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Has someone constructed a programming language that can construct all the algorithms in P, and no others?

I'm interested in this restriction coming from the syntax naturally, as opposed to just being a normal Turing machine with a step-timer attached.

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    $\begingroup$ Nice question! But likely more knowledgably answered at CSTheory StackExchange: cstheory.stackexchange.com $\endgroup$ – Joseph O'Rourke Feb 4 '12 at 2:28
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    $\begingroup$ Why do you object to the step-timer method? Doesn't this provide a way of satisfying your formal requirement syntactically, while also clearly computing exactly the polynomial time algorithms? $\endgroup$ – Joel David Hamkins Feb 4 '12 at 2:48
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    $\begingroup$ See also related question: mathoverflow.net/questions/28056/… $\endgroup$ – Joel David Hamkins Feb 4 '12 at 2:50
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    $\begingroup$ @Joel: the motivation is perhaps clearest in the case of logspace. If $f$ and $g$ are logspace-computable, then so is $f \circ g$, but the implementation of this is surprisingly delicate, since you have to dovetail the execution of $f$ and $g$ to incrementally produce the bits of $g$'s output to feed to $f$. So it's natural to look for programming languages/logics where the composition operation is algebraically well-behaved and does not require any tricky coding games. $\endgroup$ – Neel Krishnaswami Feb 5 '12 at 3:43
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Yes, there is a whole research area devoted to this problem -- it's called "implicit complexity theory". The general idea is to use a lambda calculus based on linear logic. The linearity constraint on lambda-terms lets you control the complexity of cut-elimination (and hence of evaluation), giving natural programming languages that are complete for various complexity classes (such as PTIME, PSPACE, or LOGSPACE).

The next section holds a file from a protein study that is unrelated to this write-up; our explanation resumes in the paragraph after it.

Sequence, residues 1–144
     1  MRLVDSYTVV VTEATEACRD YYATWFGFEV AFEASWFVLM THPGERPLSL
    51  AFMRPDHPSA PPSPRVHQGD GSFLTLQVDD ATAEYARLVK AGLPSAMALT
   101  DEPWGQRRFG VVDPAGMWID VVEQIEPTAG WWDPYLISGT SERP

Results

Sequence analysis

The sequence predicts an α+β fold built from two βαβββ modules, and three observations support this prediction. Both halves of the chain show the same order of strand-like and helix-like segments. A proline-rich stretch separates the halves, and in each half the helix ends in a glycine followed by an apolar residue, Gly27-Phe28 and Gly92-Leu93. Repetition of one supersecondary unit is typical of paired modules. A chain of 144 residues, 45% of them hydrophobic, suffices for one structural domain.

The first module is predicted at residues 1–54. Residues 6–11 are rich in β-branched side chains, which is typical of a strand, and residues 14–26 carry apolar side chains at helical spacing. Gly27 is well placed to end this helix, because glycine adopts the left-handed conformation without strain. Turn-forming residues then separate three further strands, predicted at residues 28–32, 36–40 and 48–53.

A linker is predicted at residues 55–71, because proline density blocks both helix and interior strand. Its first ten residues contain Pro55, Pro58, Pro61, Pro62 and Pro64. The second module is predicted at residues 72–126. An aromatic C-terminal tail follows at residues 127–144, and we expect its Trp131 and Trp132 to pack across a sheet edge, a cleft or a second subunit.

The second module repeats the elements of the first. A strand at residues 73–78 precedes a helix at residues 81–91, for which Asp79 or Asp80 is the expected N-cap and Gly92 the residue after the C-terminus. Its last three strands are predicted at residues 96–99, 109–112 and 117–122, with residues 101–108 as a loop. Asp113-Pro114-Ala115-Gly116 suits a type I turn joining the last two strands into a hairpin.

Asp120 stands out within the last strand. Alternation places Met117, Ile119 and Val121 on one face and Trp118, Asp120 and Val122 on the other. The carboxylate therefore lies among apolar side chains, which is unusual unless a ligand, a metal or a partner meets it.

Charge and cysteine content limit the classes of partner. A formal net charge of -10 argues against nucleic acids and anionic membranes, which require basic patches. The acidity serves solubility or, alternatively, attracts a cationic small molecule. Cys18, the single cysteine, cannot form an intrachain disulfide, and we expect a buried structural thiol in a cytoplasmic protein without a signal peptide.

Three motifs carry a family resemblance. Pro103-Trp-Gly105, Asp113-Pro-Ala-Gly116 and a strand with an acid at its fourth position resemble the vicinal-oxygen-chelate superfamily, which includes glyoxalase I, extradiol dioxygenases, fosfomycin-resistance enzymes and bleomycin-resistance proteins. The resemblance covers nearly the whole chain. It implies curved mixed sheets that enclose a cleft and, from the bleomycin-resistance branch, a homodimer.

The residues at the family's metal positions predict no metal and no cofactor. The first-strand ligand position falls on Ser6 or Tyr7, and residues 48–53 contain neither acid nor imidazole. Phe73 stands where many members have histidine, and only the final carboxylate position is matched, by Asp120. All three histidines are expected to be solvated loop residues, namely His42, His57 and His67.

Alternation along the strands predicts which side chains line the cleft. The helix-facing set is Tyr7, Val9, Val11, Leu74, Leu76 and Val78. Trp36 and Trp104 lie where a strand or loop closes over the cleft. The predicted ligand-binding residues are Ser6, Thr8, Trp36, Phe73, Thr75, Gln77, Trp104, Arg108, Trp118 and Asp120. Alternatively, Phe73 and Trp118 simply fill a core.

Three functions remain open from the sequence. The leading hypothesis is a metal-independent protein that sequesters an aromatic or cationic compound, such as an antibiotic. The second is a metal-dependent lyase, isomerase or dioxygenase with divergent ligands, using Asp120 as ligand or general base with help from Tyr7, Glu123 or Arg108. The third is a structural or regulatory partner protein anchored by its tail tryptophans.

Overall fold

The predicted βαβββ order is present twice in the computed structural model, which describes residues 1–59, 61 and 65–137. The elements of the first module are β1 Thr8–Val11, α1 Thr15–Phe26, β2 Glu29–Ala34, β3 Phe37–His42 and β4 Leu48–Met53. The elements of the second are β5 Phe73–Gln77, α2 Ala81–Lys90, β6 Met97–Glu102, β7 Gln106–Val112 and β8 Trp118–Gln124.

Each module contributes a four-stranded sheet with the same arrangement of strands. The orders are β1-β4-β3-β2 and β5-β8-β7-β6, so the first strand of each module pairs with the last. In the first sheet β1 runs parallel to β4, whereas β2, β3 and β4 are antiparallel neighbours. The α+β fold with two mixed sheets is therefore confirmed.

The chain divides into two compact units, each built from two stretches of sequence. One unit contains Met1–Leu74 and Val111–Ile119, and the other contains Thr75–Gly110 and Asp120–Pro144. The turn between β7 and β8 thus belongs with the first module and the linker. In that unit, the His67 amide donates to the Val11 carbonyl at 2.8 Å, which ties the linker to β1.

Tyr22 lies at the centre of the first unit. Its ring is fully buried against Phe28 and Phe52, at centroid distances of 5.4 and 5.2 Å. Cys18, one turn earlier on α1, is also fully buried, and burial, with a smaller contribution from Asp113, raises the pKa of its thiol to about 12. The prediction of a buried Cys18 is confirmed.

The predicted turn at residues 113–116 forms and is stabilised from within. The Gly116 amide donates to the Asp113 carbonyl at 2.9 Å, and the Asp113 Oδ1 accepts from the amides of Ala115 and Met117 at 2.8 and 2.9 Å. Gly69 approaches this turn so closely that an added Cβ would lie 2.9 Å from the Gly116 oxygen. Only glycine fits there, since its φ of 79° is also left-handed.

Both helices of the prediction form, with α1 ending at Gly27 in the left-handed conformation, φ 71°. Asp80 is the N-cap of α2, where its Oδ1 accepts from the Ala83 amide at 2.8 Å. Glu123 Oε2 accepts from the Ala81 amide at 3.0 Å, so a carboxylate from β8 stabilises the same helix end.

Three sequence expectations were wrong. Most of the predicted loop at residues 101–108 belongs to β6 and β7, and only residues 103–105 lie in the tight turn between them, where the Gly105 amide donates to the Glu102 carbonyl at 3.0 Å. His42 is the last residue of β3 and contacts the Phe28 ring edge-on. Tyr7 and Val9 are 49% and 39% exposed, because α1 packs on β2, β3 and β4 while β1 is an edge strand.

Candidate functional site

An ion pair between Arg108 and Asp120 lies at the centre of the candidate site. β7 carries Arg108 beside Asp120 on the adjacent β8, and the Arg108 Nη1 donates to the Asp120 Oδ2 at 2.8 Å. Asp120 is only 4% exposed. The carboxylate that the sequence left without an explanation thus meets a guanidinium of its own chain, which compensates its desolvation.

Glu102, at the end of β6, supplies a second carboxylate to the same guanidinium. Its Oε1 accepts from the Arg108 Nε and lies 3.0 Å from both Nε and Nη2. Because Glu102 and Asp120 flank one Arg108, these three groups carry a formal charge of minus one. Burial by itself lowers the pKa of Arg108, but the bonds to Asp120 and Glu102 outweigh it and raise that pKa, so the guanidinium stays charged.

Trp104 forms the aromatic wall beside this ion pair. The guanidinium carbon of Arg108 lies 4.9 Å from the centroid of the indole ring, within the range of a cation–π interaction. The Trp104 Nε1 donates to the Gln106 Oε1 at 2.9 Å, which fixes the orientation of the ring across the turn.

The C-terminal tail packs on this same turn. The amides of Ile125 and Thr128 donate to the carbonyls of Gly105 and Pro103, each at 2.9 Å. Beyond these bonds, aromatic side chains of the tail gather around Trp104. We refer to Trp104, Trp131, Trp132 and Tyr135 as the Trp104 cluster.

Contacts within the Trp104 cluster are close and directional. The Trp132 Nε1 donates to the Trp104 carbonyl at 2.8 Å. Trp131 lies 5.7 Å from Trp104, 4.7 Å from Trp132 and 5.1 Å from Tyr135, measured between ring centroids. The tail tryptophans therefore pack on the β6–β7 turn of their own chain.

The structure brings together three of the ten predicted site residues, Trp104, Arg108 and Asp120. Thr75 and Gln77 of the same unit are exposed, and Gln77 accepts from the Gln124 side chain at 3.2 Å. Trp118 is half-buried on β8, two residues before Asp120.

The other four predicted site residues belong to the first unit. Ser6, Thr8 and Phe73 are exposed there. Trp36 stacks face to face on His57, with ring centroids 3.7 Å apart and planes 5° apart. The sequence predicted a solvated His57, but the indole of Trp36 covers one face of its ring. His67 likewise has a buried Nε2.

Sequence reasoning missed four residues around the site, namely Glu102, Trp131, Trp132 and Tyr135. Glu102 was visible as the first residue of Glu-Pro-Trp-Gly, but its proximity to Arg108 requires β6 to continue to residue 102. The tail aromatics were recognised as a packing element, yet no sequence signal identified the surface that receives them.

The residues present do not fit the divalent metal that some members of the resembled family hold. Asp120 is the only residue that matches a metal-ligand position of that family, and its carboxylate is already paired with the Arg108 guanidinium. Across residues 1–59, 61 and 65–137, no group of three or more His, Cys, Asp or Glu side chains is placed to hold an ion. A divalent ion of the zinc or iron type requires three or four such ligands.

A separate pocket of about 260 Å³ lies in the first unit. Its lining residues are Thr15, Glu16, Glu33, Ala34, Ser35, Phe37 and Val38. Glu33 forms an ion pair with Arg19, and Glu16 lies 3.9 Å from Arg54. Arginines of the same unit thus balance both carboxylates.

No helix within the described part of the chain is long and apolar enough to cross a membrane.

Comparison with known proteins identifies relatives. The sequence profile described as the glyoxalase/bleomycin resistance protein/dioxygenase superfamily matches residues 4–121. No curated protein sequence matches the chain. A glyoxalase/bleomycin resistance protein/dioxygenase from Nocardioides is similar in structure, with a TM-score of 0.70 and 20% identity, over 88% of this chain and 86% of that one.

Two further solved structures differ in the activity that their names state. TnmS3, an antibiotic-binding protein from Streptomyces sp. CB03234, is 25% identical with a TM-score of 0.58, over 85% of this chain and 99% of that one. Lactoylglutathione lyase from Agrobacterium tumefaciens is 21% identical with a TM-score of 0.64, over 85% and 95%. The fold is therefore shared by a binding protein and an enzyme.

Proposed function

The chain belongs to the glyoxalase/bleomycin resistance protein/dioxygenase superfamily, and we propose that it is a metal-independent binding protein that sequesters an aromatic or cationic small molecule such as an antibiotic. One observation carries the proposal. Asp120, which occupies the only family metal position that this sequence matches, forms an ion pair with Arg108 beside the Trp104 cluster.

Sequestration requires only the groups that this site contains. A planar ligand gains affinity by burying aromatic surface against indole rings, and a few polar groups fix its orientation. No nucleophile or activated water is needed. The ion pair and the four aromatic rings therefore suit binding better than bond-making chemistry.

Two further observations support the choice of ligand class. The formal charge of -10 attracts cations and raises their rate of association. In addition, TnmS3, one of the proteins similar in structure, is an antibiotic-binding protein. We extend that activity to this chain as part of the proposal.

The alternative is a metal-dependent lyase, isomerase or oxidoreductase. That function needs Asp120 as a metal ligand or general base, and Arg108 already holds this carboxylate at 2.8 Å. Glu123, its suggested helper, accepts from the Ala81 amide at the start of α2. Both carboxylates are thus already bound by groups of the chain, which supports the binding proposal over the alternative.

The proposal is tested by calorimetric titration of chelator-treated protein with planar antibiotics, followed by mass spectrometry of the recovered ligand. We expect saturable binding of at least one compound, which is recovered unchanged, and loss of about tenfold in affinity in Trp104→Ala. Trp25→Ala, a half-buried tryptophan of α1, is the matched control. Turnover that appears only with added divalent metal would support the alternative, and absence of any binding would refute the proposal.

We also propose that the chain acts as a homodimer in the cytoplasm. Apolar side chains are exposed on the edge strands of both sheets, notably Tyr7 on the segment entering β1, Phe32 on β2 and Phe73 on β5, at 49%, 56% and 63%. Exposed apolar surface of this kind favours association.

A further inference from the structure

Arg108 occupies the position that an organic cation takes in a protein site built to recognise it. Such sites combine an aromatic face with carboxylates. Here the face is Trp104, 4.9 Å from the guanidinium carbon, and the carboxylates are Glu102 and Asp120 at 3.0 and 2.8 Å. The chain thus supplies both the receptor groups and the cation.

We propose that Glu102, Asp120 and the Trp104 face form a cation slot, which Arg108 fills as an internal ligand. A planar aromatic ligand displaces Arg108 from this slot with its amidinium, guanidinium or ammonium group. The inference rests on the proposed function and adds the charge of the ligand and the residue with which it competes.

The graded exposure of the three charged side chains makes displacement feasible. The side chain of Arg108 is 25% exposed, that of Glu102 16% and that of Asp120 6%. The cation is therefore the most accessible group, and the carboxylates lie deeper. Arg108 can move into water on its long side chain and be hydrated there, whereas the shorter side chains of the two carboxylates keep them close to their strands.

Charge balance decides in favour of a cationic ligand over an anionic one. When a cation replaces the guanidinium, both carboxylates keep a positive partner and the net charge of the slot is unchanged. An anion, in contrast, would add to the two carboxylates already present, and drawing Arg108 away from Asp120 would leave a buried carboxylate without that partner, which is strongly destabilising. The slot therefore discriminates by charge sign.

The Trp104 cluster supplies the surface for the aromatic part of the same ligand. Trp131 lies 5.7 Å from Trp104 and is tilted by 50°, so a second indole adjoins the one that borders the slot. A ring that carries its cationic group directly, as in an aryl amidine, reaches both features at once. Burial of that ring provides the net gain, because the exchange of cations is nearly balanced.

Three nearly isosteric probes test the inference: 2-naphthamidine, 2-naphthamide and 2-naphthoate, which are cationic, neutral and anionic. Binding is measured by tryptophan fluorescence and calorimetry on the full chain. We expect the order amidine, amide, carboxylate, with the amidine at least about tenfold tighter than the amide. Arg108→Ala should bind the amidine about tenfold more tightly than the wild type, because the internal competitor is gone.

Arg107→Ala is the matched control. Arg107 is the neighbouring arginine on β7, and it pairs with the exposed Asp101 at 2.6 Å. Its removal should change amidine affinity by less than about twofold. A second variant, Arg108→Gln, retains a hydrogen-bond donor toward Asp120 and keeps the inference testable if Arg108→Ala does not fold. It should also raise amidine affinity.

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If I understand the paper's abstract, Yes.

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Perhaps the most natural examples come from various extensions to SQL (of course, if query languages count). For example Datalog on ordered relations equals P. Generally, such languages are somewhere around P, but for most of them it is really hard to give exact characterisations.

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  • $\begingroup$ SQL is famous for having greatly different runtimes depending on seemingly unimportant details in the call. $\endgroup$ – isomorphismes Jun 10 '18 at 15:33
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Yet another perspective (and IMHO a more natural one) is descriptive complexity theory (check also this Wikipedia article).

They study the question from a perspective different from the one mentioned by Neel. There are various languages that capture exactly the polynomial time computable functions. One of the most famous ones is FO+LFP.

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